Green had reached out from behind bars to members of the Community of Sant’Egidio, a group of lay Catholics whose home basilica is near Cahill’s second home, an apartment in Rome. The community introduced Cahill to Sheila Murphy, a retired Chicago judge who served as a volunteer attorney for Green during the appeals process. Murphy introduced Cahill to Green.
Cahill catalogs every disgraceful aspect of Green’s experience with the justice system. His larger mission, though, is to examine the changes Green underwent after receiving his death sentence—his transformation from a troubled teenager into what Cahill calls “a fully achieved human being.” He does so by exploring the influence Green had on others, including Cahill. For whatever reason, Green treated his death sentence as an opportunity to grow, to become better educated, to form deeper human bonds, to act as a resource for others.
Fellow prisoners remembered Green as a mentor and builder of community against tremendous odds, as a source of hope and peace, as the man who introduced Tutu’s writings on forgiveness and reconciliation to Death Row. Lastrapes’ sons came to admire Green as an elder-brother figure. With their mother, they petitioned to have Green’s sentence reduced to life in prison and protested the inequities of which Green was a victim and symbol. Literally hundreds of members of the Community of Sant’Egidio and activists throughout the world came to consider Green a trusted friend and worked to save his life.
I’d initially thought that Cahill’s labeling of Green as a saint was metaphorical, a way of comparing him to the early Christian ascetics who separated themselves from civilization to seek deeper meaning in solitude. Not so. He means literally to canonize the man. In Cahill’s telling, confinement didn’t merely transform Green; Death Row transfigured him. Although Cahill was not present for Green’s execution, he describes the scene in detail using the symbolism of crucifixion.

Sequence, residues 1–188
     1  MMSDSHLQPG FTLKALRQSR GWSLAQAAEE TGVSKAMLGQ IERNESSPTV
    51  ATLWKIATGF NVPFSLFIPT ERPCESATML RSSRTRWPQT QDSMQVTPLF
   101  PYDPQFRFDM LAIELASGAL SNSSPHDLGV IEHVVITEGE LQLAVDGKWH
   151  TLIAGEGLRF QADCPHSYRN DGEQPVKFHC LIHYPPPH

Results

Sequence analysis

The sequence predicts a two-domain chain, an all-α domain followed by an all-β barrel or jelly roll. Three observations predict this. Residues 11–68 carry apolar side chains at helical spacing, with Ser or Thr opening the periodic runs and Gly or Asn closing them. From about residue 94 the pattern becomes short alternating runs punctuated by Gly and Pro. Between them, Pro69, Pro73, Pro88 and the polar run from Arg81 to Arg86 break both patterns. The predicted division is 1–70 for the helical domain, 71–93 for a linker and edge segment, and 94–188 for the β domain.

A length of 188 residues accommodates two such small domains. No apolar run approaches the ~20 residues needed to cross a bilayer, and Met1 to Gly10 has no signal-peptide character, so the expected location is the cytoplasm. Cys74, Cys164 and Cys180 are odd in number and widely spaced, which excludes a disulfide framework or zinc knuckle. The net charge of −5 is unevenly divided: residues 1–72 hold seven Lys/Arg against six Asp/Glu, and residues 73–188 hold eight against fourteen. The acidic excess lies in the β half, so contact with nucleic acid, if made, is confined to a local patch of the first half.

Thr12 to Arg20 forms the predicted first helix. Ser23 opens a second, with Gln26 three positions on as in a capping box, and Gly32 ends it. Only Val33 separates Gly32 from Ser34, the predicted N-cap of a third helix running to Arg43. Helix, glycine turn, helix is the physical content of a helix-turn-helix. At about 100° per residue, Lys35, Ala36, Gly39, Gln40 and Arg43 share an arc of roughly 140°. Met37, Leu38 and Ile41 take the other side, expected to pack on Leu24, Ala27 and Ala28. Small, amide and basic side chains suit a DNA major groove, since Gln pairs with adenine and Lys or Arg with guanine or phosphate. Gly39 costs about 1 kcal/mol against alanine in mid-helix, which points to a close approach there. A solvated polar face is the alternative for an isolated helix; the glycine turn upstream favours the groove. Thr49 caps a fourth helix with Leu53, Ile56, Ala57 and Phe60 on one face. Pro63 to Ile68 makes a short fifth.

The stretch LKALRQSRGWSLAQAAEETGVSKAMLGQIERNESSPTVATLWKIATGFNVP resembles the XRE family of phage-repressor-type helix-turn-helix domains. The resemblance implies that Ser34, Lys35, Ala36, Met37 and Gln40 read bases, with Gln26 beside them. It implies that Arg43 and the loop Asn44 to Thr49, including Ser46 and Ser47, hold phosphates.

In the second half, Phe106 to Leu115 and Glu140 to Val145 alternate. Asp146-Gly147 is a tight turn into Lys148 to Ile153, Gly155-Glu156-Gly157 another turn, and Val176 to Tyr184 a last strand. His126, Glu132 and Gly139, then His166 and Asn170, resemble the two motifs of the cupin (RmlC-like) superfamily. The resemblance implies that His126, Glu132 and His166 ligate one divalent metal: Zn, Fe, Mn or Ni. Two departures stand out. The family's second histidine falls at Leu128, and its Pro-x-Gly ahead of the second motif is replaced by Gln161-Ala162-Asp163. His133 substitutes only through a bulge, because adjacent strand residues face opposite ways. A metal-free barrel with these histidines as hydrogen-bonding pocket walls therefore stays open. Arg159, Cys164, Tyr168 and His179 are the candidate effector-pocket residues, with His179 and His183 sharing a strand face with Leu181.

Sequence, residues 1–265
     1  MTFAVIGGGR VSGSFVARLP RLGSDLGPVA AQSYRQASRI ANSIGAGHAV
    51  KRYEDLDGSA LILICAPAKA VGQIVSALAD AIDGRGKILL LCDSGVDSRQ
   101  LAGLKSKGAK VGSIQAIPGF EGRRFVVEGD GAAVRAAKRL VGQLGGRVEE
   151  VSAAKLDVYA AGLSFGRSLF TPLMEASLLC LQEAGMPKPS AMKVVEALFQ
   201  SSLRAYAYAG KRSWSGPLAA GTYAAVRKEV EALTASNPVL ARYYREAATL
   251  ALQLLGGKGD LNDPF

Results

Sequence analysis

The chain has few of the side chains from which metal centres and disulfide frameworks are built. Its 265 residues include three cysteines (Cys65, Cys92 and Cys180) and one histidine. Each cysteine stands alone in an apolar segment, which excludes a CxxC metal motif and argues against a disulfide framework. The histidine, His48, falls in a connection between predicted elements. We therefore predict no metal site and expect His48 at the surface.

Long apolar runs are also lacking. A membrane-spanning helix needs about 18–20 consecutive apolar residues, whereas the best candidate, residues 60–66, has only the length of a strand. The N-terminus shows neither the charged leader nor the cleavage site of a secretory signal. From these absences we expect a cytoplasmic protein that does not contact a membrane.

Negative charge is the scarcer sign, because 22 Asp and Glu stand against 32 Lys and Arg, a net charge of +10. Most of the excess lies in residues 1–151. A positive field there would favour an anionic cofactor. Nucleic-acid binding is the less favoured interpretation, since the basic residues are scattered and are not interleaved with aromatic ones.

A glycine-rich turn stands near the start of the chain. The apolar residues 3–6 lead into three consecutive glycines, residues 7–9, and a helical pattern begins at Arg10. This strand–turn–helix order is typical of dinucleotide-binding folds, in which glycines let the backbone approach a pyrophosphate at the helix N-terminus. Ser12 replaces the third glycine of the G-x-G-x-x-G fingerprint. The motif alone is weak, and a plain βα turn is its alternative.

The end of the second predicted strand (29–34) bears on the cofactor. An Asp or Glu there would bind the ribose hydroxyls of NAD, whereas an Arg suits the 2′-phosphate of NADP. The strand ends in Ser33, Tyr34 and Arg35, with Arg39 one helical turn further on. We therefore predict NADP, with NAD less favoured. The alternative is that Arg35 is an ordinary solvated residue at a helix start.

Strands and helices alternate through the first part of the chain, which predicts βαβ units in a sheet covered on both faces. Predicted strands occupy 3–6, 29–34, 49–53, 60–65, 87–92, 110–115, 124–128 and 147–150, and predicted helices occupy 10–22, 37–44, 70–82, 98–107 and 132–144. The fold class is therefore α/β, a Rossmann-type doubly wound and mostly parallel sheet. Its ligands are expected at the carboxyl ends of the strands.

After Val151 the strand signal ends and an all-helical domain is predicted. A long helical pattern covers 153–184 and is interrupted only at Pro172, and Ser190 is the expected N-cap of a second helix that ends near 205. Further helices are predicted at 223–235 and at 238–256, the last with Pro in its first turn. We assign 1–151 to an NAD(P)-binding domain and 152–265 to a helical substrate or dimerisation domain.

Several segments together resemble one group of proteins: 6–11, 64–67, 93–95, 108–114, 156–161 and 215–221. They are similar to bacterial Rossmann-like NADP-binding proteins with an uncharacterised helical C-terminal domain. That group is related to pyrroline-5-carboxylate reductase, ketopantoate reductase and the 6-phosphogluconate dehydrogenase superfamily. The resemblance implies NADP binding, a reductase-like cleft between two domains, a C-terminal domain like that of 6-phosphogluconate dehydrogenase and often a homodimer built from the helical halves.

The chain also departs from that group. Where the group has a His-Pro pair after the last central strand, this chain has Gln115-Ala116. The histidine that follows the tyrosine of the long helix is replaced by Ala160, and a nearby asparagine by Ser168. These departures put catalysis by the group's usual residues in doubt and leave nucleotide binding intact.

This is a risky proposition. What effect will it have to portray a Texas Death Row prisoner as a Christ figure? Will the book encourage followers of history’s most notable death penalty victim to work for its abolition, or will they reject the comparison of a black criminal to their heavenly savior with the jerk of a knee? Cahill hopes for the former; in the book’s appendix he directs readers to resources aimed at protecting children, reforming the American criminal justice system, and ending the death penalty.
But as Cahill well knows, capital punishment will remain on the books in Texas until a critical mass of voters, including politically conservative Christians, organize to end it. Cahill doesn’t offer much reason to be optimistic that this will occur. He points out that the regionally dominant Southern Baptist Church is the one major American Christian denomination that has not condemned the death penalty. Cahill also identifies a retributive, violence-obsessed strain of “extreme Calvinism” among Texas’ other Protestants that makes the abolition movement even less likely to take hold.
A Saint on Death Row is not without flaws. This thin book succeeds in presenting only two or three facets of what was a multidimensional personality and intellect. We see glimpses—but no more—of Green’s wickedly funny and earthy sense of humor. Cahill leaves many questions about Green’s biography and involvement in Andrew Lastrapes’ murder unanswered.
But Cahill has achieved something grander than straight biography here: an intervention in public memory. The state tried to reduce Green’s life to a single event by steamrolling substantial reasonable doubt. Cahill has made it impossible to regard crime as the sum total of Green’s existence, and replaced the state’s hole-riddled narrative with an inspiring story of growth and redemption. Cahill makes it clear that Texans lose something meaningful when the state takes a life like Dominique Green’s.
Perhaps this achievement is a small victory in the context of Green’s state-sanctioned murder, but it’s important to acknowledge and celebrate even the small victories as we work slowly toward justice in the death penalty capital of the Western hemisphere.
Todd Moye teaches U.S. history at the University of North Texas in Denton.